David Giertz On Social Security And Retirement Planning

When it comes to financial advisors, David Giertz is considered one of the best in the business. As president of Nationwide Financial’s sales and distribution organization, Mr. Giertz has seen the company grow from $11 billion to $17 billion since 2013. Prior to this, he worked as a financial advisor at Citigroup, eventually becoming Executive Vice President of Sales.

With 31 years of experience and four exams under his belt, he is definitely an authority in this field. He is also a FINRA-certified broker. He holds an Executive MBA from the University of Miami, and a Bachelor of Science degree from Milliken University. On top of all that, he is also a respected business coach who advises people all over the world.

This is why, when he gives a piece of financial advice, people tend to listen. And lately, he is saying a lot about the importance of Social Security to a good retirement plan.

In a video interview with The Wall Street Journal, Mr. Giertz emphasizes the need for financial advisors to focus more upon the subject, saying that most advisors today are not doing enough to inform people about the way that the Social Security system works.

David Giertz told columnist Veronica Dagher that Nationwide’s financial retirement institute had conducted a survey among consumers who were either retired or near retirement. The study, he explained, found that the majority of financial advisors were neglecting this particular subject. The survey also found that a client was more likely to seek out a different advisor if their current advisor was not addressing the Social Security issue.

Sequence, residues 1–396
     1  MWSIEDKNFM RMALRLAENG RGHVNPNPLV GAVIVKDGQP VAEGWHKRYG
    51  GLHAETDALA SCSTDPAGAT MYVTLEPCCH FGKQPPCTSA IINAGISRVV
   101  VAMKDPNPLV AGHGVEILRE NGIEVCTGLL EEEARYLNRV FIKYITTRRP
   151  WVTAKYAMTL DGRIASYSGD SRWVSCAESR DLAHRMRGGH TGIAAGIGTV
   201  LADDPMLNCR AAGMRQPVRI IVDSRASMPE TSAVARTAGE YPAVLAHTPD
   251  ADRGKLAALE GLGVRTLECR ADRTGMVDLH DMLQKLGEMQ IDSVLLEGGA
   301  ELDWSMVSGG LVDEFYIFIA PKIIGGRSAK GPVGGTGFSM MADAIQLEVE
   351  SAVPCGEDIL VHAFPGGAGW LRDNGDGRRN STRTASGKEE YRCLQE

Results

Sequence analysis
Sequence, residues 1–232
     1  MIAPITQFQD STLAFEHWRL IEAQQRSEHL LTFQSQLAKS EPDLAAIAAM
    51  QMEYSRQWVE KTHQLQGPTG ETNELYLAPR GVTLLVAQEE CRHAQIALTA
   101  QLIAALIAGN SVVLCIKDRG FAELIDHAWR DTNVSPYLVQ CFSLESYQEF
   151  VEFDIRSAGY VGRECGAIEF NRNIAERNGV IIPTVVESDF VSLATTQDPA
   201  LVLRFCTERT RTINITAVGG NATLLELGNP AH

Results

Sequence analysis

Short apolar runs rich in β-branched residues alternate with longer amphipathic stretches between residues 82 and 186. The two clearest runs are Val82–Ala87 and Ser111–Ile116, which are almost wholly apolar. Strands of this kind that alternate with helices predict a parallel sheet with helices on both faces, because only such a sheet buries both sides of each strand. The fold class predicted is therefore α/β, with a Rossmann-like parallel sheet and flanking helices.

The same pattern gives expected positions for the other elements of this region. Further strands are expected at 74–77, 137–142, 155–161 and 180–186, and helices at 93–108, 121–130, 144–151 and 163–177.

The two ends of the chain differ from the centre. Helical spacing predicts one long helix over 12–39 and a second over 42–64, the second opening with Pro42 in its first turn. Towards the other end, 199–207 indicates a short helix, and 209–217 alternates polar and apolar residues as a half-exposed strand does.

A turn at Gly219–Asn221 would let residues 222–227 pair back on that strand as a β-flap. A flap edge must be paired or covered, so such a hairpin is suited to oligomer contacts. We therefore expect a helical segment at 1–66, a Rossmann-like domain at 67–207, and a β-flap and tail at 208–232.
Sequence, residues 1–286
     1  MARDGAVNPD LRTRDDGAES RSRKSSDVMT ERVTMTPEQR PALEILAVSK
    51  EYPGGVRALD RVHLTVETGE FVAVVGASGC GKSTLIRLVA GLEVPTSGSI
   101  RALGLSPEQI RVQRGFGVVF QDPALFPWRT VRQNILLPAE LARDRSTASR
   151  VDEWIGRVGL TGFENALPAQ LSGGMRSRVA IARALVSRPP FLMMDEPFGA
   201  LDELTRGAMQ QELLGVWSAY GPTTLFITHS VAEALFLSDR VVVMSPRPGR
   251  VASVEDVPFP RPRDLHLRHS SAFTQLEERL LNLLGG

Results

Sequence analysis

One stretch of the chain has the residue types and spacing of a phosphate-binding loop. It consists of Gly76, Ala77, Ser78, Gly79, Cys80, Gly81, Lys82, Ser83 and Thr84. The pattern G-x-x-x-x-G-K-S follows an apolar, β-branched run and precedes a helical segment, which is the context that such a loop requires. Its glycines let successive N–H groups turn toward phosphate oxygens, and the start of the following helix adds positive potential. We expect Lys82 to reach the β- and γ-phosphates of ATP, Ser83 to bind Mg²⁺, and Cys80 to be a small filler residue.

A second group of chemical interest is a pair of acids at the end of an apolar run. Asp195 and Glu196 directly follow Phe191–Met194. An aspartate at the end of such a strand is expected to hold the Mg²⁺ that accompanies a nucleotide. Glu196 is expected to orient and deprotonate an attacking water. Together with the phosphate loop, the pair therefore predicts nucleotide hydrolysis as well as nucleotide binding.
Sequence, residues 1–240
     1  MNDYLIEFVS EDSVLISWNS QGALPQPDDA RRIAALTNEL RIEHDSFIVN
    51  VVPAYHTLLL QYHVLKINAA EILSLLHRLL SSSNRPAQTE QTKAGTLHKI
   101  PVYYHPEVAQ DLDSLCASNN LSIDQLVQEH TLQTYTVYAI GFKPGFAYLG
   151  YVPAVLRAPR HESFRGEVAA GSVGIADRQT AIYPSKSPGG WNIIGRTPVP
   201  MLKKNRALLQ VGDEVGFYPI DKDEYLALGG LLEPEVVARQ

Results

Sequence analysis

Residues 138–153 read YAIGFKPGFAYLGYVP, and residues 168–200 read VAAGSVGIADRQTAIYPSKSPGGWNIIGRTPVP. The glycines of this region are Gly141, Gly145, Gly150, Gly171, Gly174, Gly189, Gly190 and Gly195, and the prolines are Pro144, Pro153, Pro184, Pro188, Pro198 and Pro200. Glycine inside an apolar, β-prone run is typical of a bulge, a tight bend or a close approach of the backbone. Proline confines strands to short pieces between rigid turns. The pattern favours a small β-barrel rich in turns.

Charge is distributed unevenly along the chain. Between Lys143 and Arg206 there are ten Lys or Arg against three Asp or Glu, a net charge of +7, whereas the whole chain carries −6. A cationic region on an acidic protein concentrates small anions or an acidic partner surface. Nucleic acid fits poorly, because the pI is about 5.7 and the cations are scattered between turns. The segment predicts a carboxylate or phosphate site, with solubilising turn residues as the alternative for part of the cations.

When asked why advisors were avoiding this subject, Mr. Giertz pointed out that the Social Security system has over 2700 rules, and represents an extensive and complex area of study. He implied that many advisors simply didn’t feel confident working around all those rules. Nevertheless, he tells his colleagues not to neglect this issue, as Social Security benefits can often represent up to 40% of a person’s income upon retirement. He said that the study also showed something else: that a person can lose as much as 300,000 dollars in Social Security over 25 years, if they file for it too early.

The bottom line is that, if your financial advisor is not keeping you well-informed about your Social Security, you might want to consider finding someone who is better able to navigate smoothly through the ocean of regulations that is the Social Security system.

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